To date, the detection of live microorganisms present in the environment or involved in infections is carried out by enumeration of colony forming units on agar plates, which is time consuming, laborious and limited to readily cultivable microorganisms. Although cultivation-independent methods are available, they involve multiple incubation steps and do mostly not discriminate between dead or live microorganisms. We present a novel generic method that is able to specifically monitor living microorganisms in a real-time manner.
The developed method includes exposure of cells to a weak acid probe at low pH. The neutral probe rapidly permeates the membrane and enters the cytosol. In dead cells no signal is obtained, as the cytosolic pH reflects that of the acidic extracellular environment. In live cells with a neutral internal pH, the probe dissociates into a fluorescent phototautomeric anion. After reaching peak fluorescence, the population of live cells decays. This decay can be followed real-time as cell death coincides with intracellular acidification and return of the probe to its uncharged non-fluorescent state. The rise and decay of the fluorescence signal depends on the probe structure and appears discriminative for bacteria, fungi, and spores. We identified 13 unique probes, which can be applied in the real-time viability method described here. Under the experimental conditions used in a microplate reader, the reported method shows a detection limit of 106 bacteria ml-1, while the frequently used LIVE/DEAD BacLight™ Syto9 and propidium iodide stains show detection down to 106 and 107 bacteria ml-1, respectively.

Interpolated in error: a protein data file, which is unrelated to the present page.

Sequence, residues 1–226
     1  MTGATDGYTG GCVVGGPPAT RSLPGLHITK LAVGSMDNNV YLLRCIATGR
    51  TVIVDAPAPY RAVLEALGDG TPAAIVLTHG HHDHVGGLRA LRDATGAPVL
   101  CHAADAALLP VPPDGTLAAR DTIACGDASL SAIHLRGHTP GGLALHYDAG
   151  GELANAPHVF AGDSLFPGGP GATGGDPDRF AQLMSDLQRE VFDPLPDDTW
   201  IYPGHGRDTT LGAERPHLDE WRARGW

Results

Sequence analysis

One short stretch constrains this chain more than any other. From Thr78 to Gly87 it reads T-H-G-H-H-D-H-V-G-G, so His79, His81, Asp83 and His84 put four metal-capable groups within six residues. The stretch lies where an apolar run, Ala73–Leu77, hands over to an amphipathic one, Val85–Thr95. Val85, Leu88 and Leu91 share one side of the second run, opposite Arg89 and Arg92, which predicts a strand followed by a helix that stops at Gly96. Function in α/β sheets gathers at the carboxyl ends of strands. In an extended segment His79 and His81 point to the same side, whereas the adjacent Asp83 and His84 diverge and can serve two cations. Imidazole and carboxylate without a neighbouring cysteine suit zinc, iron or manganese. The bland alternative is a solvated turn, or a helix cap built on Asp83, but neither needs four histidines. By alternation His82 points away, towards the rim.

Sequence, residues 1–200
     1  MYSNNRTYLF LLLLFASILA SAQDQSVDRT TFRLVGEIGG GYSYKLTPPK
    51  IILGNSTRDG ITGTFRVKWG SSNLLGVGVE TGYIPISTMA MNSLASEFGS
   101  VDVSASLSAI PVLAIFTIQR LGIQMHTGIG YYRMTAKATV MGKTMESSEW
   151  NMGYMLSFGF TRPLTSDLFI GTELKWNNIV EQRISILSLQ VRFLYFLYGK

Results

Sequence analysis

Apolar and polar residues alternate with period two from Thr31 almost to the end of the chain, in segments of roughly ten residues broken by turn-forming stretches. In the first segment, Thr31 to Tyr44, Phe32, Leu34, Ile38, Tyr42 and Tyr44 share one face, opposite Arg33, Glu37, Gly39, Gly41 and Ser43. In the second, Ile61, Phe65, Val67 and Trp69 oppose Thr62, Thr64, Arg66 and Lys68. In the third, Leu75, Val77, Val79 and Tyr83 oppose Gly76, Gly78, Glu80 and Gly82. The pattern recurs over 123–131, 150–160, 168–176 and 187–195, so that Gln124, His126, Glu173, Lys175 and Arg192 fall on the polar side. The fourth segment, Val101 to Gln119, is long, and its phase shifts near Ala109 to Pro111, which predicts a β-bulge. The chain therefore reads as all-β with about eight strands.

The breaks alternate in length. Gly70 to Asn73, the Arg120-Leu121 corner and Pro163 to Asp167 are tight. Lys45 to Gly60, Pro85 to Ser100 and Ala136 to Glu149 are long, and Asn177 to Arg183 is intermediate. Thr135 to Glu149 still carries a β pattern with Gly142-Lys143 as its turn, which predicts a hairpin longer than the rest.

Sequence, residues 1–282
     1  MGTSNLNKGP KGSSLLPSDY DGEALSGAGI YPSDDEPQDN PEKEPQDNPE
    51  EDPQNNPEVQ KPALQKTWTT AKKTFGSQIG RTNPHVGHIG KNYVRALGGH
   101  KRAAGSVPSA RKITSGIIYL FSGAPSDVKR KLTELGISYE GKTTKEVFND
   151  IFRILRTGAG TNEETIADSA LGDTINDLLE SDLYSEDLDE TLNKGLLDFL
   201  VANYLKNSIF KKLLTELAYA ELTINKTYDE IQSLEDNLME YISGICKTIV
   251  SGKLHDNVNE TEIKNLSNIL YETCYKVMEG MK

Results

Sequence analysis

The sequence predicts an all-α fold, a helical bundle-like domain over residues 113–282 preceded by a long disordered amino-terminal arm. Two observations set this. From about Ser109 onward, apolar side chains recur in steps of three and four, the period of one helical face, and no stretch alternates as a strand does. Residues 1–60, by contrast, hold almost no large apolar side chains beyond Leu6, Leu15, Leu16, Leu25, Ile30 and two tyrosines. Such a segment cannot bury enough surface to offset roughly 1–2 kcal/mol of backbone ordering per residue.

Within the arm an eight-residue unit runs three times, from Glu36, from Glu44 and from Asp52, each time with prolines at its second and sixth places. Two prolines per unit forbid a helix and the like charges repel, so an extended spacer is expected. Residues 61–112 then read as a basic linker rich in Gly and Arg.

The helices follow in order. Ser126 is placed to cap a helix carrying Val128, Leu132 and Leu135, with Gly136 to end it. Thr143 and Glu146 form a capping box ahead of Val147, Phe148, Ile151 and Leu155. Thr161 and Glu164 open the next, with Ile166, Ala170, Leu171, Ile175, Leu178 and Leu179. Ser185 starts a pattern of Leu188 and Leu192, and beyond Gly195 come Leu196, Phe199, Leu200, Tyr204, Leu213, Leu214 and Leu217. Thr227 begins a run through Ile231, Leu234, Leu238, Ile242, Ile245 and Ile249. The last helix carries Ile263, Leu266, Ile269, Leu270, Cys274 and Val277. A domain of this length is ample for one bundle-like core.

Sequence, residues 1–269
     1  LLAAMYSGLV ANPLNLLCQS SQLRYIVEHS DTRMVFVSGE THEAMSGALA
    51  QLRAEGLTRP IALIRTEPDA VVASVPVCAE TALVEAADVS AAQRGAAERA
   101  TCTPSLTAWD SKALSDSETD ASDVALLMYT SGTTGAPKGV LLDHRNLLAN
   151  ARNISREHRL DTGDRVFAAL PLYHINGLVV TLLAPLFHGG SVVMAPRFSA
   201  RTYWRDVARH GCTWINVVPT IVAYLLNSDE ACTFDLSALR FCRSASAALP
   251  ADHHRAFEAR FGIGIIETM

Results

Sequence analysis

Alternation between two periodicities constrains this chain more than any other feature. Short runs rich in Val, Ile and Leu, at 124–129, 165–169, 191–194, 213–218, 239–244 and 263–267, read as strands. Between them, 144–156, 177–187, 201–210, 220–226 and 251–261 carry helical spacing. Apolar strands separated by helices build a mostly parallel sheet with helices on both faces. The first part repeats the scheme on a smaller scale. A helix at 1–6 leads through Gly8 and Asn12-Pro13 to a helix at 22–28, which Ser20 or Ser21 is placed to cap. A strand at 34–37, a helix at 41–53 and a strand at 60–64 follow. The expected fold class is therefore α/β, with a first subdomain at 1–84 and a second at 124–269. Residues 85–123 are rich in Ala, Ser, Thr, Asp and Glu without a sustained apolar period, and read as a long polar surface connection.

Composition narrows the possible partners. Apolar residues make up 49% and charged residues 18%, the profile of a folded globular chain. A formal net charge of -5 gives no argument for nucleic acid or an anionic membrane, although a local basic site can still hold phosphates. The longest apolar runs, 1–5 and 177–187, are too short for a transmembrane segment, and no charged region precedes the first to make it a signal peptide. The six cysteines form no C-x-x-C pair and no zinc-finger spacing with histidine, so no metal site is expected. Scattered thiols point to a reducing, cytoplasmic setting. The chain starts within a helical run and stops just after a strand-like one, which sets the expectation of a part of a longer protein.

We present a novel fluorescence-based method for viability assessment, which is applicable to all bacteria and eukaryotic cell types tested so far. The RTV method will have a significant impact in many areas of applied microbiology including research on biocidal activity, improvement of preservation strategies and membrane permeation and stability. The assay allows for high-throughput applications and has great potential for rapid monitoring of microbial content in air, liquids or on surfaces.